The story ends on a sombre note, but one of the many qualities of Chris Nickson’s Leeds novels is that he has established a quartet of characters who walk the same streets, breathe the same air and gaze at the same distant hills – but centuries apart. If the ghosts of Richard Nottingham, Tom Harper, Lottie Armstrong and Dan Markham were all to meet, they would walk together along streets which would be mutually familiar. Millgarth, Kirkstall Road, The Headrow, Castle Grove, Kirkgate, Lower Briggate – all witness to countless decades of life, death, loss, salvation and hope and, of course, generations of murderers, fraudsters, thieves and deceivers. There is a lovely poem by Geoffrey Winthrop Young which sums up the brilliant sense of history and continuity which Chris Nickson creates:

“There will be voices whispering down these ways,
The while one wanderer is left to hear,
And the young life and laughter of old days,
Shall make undying echoes”

Chris Nickson’s Amazon page is here.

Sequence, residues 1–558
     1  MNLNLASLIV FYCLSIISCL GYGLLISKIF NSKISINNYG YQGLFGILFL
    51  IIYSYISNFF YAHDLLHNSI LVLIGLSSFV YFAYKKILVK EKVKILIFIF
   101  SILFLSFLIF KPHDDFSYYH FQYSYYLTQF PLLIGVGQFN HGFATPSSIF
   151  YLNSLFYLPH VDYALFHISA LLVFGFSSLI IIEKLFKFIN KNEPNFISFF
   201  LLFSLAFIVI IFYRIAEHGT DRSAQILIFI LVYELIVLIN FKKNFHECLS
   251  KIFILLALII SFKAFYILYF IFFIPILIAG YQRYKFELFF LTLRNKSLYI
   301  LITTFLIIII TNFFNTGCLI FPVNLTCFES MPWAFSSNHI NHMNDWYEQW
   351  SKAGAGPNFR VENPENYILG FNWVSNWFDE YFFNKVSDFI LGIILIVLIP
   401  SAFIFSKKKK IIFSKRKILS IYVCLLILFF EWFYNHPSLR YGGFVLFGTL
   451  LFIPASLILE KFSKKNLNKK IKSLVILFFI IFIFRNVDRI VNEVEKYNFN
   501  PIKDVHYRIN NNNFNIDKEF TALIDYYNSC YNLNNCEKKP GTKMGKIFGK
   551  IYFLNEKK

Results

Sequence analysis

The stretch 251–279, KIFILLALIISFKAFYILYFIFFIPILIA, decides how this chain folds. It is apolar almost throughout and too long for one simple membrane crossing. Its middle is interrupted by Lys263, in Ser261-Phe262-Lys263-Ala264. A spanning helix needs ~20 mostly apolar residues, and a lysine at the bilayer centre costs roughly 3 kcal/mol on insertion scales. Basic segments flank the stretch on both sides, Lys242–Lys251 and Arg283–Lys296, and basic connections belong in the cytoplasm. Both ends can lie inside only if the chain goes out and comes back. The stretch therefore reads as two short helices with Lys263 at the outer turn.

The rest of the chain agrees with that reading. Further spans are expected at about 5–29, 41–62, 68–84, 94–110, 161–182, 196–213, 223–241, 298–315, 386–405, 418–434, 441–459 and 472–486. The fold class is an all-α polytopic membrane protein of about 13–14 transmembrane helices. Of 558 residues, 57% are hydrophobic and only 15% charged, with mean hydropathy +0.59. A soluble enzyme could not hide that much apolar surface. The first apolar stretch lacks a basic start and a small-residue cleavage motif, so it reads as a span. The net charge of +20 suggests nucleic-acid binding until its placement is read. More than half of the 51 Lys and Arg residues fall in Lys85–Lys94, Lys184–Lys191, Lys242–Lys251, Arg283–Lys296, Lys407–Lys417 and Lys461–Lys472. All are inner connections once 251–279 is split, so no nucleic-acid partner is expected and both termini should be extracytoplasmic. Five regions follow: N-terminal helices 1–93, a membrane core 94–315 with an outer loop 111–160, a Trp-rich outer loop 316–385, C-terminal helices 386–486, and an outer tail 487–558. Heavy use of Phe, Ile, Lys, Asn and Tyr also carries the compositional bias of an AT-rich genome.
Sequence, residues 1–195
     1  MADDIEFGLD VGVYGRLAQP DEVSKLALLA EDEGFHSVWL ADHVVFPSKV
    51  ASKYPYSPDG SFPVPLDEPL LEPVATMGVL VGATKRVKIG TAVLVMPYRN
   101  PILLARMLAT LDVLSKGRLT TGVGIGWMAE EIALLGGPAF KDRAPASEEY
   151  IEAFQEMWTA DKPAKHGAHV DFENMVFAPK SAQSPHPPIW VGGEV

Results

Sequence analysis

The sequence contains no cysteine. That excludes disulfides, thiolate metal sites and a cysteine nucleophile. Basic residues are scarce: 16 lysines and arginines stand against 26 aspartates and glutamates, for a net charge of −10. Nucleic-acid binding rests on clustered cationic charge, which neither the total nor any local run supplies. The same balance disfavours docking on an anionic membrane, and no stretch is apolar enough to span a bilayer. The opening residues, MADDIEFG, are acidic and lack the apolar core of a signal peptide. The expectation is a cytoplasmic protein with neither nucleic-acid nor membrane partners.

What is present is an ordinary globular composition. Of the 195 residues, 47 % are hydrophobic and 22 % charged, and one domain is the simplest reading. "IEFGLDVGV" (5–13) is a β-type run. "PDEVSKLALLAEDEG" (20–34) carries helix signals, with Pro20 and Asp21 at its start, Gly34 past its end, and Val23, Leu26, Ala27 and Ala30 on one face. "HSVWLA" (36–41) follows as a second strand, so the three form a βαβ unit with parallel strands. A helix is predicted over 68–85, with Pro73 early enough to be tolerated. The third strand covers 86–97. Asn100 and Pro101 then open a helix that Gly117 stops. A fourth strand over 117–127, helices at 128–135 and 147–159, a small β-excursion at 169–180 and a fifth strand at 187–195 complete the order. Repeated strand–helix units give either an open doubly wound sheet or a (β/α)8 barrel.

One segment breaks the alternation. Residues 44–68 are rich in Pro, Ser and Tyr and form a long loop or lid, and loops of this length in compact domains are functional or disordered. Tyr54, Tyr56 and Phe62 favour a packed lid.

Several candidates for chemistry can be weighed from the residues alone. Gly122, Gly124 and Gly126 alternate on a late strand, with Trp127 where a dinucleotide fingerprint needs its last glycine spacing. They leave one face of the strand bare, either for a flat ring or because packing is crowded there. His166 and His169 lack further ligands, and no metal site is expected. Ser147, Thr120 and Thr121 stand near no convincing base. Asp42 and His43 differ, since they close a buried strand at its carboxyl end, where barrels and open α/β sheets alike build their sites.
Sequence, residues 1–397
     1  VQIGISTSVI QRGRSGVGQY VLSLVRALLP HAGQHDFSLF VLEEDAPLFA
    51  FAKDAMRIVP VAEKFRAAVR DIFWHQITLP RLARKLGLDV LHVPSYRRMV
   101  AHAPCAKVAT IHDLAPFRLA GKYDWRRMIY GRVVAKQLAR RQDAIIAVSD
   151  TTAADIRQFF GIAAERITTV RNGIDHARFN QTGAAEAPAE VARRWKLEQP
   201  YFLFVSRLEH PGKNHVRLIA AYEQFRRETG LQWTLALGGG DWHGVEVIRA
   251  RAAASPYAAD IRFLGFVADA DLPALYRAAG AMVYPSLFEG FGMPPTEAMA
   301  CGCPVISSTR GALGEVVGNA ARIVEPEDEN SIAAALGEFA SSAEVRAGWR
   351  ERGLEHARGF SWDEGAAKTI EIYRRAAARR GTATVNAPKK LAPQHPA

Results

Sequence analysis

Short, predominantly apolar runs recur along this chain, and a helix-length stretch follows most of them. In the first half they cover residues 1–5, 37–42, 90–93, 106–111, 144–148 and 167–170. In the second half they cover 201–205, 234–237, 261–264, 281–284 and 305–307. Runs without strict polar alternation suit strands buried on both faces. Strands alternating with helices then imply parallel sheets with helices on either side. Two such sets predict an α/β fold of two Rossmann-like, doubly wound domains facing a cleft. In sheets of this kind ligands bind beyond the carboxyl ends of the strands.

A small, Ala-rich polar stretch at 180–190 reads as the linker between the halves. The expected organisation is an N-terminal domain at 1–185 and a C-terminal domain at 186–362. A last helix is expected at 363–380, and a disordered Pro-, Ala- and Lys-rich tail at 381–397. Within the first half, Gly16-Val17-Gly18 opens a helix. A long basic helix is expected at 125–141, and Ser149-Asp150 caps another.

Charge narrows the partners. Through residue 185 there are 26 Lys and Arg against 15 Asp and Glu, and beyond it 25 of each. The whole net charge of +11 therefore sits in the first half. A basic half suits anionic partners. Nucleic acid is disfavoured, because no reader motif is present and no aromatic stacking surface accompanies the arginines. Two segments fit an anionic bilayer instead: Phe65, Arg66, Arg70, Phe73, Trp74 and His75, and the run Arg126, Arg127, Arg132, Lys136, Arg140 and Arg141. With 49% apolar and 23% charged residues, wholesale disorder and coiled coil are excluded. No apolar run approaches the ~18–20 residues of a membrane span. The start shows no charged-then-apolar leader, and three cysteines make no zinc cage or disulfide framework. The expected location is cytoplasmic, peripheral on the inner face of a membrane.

You can read our review of a Tom Harper novel, On Copper Street, by clicking the link.
Click the link to learn more about real life murders by American servicemen in wartime Britain.

 

AN OXFORD SCANDAL … Between the covers

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AOSOxford, 1895. The spires may well be dreaming, but for Anthony Jardine, Fellow of St Gabriel’s College, the nightmare is just beginning. His drug addicted wife is found stabbed to death, slumped in the corner of a horse tram carriage. His mourning is shattered when his mistress is also found dead – murdered in the house she shares with her elderly eccentric husband. With a background story of an archaeological discovery threatening to shake the English religious establishment to its very roots, Inspector James Antrobus must avoid the temptation to make Jardine a swift and easy culprit. Helped by the uncanny perception of Sophia Jex-Blake, a pioneering woman doctor, Antrobus finds the answer to the killings lies in London, just forty miles away on the railway.